When an element is less electronegative than sulfur, sulfides that contain S 2– form. Many metallic elements are found in the form of sulfide ores, such as PbS (galena) and HgS (cinnabar). A series of related ores containing the disulfide ion, S22– (analogous to the peroxide ion), are known aspyrites. Iron pyrite, FeS2, occurs as golden yellow cubic crystals (FIGURE 22.19). Because it has been occasionally mistaken for gold by miners, iron pyrite is often called fool's gold.

FIGURE 22.19 Iron pyrite (FeS2, on the right) with gold for comparison.

One of the most important sulfides is hydrogen sulfide (H2S). This substance is not normally produced by direct union of the elements because it decomposes at elevated temperatures. It is normally prepared by action of dilute acid on iron(II) sulfide:

One of hydrogen sulfide's most readily recognized properties is its odor, which is most frequently encountered as the offensive odor of rotten eggs. Hydrogen sulfide is toxic but our noses can detect H2S in extremely low, nontoxic concentrations. A sulfur-containing organic molecule, such as dimethyl sulfide, (CH3)2S, which is similarly odoriferous and can be detected by smell at a level of one part per trillion, is added to natural gas as a safety factor to give it a detectable odor.

Oxides, Oxyacids, and Oxyanions of Sulfur

Sulfur dioxide, formed when sulfur burns in air, has a choking odor and is poisonous. The gas is particularly toxic to lower organisms, such as fungi, so it is used to sterilize dried fruit and wine. At 1 atm and room temperature, SO2 dissolves in water to produce a 1.6 M solution. The SO2solution is acidic, and we describe it as sulfurous acid (H2SO3).

Salts of SO32– (sulfites) and HSO3 (hydrogen sulfites or bisulfites) are well known. Small quantities of Na2SO3 or NaHSO3 are used as food additives to prevent bacterial spoilage. Because some people are extremely allergic to sulfites, all food products with sulfites must now carry a warning label disclosing their presence.

Although combustion of sulfur in air produces mainly SO2, small amounts of SO3 are also formed. The reaction produces chiefly SO2 because the activation-energy barrier for oxidation to SO3 is very high unless the reaction is catalyzed. Interestingly, the SO3 by-product is used industrially to make H2SO4, which is the ultimate product of the reaction between SO3 and water. In the manufacture of sulfuric acid, SO2 is obtained by burning sulfur and then oxidized to SO3, using a catalyst such as V2O5 or platinum. The SO3 is dissolved in H2SO4 because it does not dissolve quickly in water, and then the H2S2O7 formed in this reaction, called pyrosulfuric acid, is added to water to form H2SO4:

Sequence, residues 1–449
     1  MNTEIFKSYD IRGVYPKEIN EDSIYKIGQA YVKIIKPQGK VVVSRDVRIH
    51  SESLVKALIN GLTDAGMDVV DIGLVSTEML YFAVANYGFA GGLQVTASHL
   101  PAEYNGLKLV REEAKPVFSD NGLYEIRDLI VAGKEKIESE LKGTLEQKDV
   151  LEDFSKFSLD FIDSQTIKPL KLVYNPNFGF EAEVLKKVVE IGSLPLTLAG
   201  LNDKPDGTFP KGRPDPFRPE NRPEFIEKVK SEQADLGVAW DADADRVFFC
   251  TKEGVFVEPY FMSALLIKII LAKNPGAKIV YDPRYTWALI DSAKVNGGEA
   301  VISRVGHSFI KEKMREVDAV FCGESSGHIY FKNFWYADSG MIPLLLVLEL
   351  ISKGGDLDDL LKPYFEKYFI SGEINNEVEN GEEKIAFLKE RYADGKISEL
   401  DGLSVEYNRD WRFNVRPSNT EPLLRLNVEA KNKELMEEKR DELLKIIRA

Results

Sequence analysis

In this reaction, what has happened to the H and O atoms in the sucrose?

FIGURE 22.20 Sulfuric acid dehydrates table sugar to produce elemental carbon.


What is the net reaction of Equations 22.32 and 22.33?

Commercial sulfuric acid is 98% H2SO4. It is a dense, colorless, oily liquid that boils at 340 °C. It is a strong acid, a good dehydrating agent (FIGURE 22.20), and a moderately good oxidizing agent.

Year after year, the production of sulfuric acid is the largest of any chemical produced in the United States. About 4× 1010 kg (40 million tons) is produced annually in this country. Sulfuric acid is employed in some way in almost all manufacturing. Consequently, its consumption is considered a measure of industrial activity.

Sulfuric acid is a strong acid, but only the first hydrogen is completely ionized in aqueous solution:

Consequently, sulfuric acid forms both sulfates (SO42– salts) and bisulfates (or hydrogen sulfates, HSO4 salts). Bisulfate salts are common components of the “dry acids” used for adjusting the pH of swimming pools and hot tubs; they are also components of many toilet bowl cleaners.

The term thio indicates substitution of sulfur for oxygen, and the thiosulfate ion (S2O32–) is formed by boiling an alkaline solution of SO32– with elemental sulfur:

The structures of the sulfate and thiosulfate ions are compared in FIGURE 22.21. Thiosulfate salts are used industrially in the paper-making and textile industries and are the “fixer” solutions in the development of photographic film.


What are the oxidation states of the sulfur atoms in the S2O32– ion?

FIGURE 22.21 Structures of the sulfate (left) and thiosulfate (right) ions.